Does Pass Protection Prowess Help Running Backs in the Receiving Game?

Giovani Bernard was a top-five blocking running back in 2013. Did this help him gain more value in the receiving game?

When evaluating players’ production in the NFL, especially that of running backs, we talk a lot about “opportunity”. If a player has the opportunity to play or start, they instantly become much more interesting and valuable. The running back position has even become one in the league that, if a player has lesser caliber talent, as long as they have some window of opportunity, they will often be more highly lauded and valued. This has become the NFL talent evaluators’ Holy Grail; if we can figure out who has the most chances to play in any given situation, we know exactly how to project their production.

The unfortunate problem is we haven’t figured out that magical cure-all yet. We still hunt for ways to track player opportunity and what factors really play into added value. One of those factors has been that playing time will result in more chances for production - “the more you’re on the field, the better your chances to produce”. The logic is intended to indicate that if a player is a good blocker they will be on the field more on passing plays, and therefore will have a better chance to contribute more as receivers. This is what we'll examine in the case of the running back. Does good pass protection make for better opportunity for running backs in the NFL?

Building Blocks

Many people cite Knowshon Moreno's pass-blocking prowess as the primary rationale for why he was given the starting running back job in Denver in 2013. This ability would likely directly correlate to his production last season as well, then. Similarly, we believe that Lamar Miller got blown over in pass protection, and this is why the much less talented Daniel Thomas often relieved him on passing downs. Therefore, Miller’s value as a runner should have suffered. Is this a fair judgment to make?

We ground all of our research here at numberFire in our Net Expected Points (NEP) metrics. Simply, this is a measure of how much a specific player’s contributions better his team’s chances at scoring on any given drive. By comparing our running backs’ blocking and their NEP scores, we should be able to glean some bits of knowledge about the interplay of these measures of effectiveness in the backfield.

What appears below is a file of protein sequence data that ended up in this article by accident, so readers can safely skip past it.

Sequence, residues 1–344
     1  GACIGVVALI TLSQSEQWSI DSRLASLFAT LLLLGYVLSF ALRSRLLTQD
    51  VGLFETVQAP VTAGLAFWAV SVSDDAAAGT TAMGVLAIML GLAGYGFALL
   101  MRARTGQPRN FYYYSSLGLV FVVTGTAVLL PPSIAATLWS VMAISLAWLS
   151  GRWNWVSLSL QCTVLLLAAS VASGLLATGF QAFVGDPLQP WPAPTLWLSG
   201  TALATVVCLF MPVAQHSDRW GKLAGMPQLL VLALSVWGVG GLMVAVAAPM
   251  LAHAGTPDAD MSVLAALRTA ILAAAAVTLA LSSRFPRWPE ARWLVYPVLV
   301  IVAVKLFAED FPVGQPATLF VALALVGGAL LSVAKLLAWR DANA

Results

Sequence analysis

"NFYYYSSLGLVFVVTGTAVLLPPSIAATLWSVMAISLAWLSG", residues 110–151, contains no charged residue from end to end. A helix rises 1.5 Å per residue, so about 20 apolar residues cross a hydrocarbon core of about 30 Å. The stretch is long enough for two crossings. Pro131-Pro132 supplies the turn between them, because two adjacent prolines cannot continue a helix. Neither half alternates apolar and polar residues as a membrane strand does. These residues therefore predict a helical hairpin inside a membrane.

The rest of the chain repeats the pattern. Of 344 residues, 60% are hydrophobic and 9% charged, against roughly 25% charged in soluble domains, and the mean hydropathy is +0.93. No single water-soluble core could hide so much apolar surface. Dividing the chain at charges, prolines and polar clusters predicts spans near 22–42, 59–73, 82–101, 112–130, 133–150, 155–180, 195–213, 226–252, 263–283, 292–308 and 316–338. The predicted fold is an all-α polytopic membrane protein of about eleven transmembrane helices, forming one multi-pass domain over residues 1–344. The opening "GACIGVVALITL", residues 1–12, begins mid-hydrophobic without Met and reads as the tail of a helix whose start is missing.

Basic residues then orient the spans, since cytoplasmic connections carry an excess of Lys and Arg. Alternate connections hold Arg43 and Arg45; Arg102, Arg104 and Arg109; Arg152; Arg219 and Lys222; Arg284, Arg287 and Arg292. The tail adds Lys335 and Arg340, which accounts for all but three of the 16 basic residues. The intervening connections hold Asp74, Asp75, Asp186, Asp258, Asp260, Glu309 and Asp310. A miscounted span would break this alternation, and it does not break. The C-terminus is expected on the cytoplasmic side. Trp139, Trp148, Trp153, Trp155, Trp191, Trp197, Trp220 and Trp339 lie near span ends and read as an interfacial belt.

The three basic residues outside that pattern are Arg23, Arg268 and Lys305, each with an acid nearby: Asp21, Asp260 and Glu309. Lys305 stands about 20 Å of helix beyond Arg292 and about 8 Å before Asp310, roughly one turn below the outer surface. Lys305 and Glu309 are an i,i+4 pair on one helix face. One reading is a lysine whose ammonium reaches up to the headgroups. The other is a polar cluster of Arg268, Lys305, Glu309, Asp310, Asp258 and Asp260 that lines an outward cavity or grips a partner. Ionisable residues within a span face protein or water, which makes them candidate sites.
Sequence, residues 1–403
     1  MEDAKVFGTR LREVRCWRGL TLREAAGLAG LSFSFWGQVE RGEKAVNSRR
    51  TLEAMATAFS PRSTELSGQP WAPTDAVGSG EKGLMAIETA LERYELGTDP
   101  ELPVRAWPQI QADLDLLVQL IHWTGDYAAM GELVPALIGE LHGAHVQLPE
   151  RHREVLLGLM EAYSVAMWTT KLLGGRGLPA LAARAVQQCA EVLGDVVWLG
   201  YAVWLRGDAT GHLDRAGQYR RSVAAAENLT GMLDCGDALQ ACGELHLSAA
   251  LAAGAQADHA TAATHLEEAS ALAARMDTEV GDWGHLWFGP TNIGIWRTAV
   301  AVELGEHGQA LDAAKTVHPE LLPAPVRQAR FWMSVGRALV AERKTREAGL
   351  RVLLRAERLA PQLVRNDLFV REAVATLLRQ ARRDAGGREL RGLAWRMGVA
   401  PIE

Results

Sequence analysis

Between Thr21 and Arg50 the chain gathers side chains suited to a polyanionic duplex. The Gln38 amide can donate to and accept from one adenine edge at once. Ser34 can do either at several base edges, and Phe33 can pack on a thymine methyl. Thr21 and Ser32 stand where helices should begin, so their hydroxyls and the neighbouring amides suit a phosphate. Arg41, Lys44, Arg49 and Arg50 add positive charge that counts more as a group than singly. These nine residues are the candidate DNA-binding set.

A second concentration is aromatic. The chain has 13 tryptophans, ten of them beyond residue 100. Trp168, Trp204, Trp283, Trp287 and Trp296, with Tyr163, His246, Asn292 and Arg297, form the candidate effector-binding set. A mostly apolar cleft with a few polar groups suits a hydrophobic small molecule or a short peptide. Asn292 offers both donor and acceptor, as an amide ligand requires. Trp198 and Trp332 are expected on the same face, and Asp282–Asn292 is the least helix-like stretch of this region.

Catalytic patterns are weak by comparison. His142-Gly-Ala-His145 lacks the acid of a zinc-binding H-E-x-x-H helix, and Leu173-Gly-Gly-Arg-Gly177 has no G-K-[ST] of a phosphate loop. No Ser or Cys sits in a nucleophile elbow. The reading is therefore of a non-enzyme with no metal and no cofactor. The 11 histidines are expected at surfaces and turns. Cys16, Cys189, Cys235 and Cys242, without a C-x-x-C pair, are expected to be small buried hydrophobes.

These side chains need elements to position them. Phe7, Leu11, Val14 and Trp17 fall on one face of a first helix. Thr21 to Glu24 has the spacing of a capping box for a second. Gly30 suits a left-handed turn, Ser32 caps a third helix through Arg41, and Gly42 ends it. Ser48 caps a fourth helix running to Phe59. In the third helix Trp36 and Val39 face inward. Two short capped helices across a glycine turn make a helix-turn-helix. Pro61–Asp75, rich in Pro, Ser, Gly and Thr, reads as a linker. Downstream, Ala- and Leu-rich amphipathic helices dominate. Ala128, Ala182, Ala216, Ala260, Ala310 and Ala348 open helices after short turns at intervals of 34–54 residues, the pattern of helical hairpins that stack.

I looked at our Reception NEP and Target NEP metrics – the value each player added or detracted specifically on plays with a successful reception and any time they were targeted, respectively – as well as raw receiving statistics (receptions, targets , yards), and compared them to Pro Football Focus’s pass blocking grades to see if there was any correlation between them. This study mirrors an earlier examination I did of tight end blocking leading to receiving production, which you can reference here. The one alteration I made to this process is also comparing these receiving numbers to total snaps that each player had a pass blocking assignment, as another data point.

Stand and Deliver

There were 55 running backs who qualified for this study, having been on the field for 25% or more of their team’s 2013 offensive snaps. Of these players, there were heralded receiving options, such as Jamaal Charles, and infamously stone-handed players like Chris Ivory. To compare trends across this entire population of backs, I calculated the correlation factors between each receiving statistic and Pro Football Focus’s blocking grades. The table below lists these statistics along with their level of correlation.

MetricCorrelation Factor
Rec. NEP-0.068
Target NEP-0.066
Receiving Yards-0.081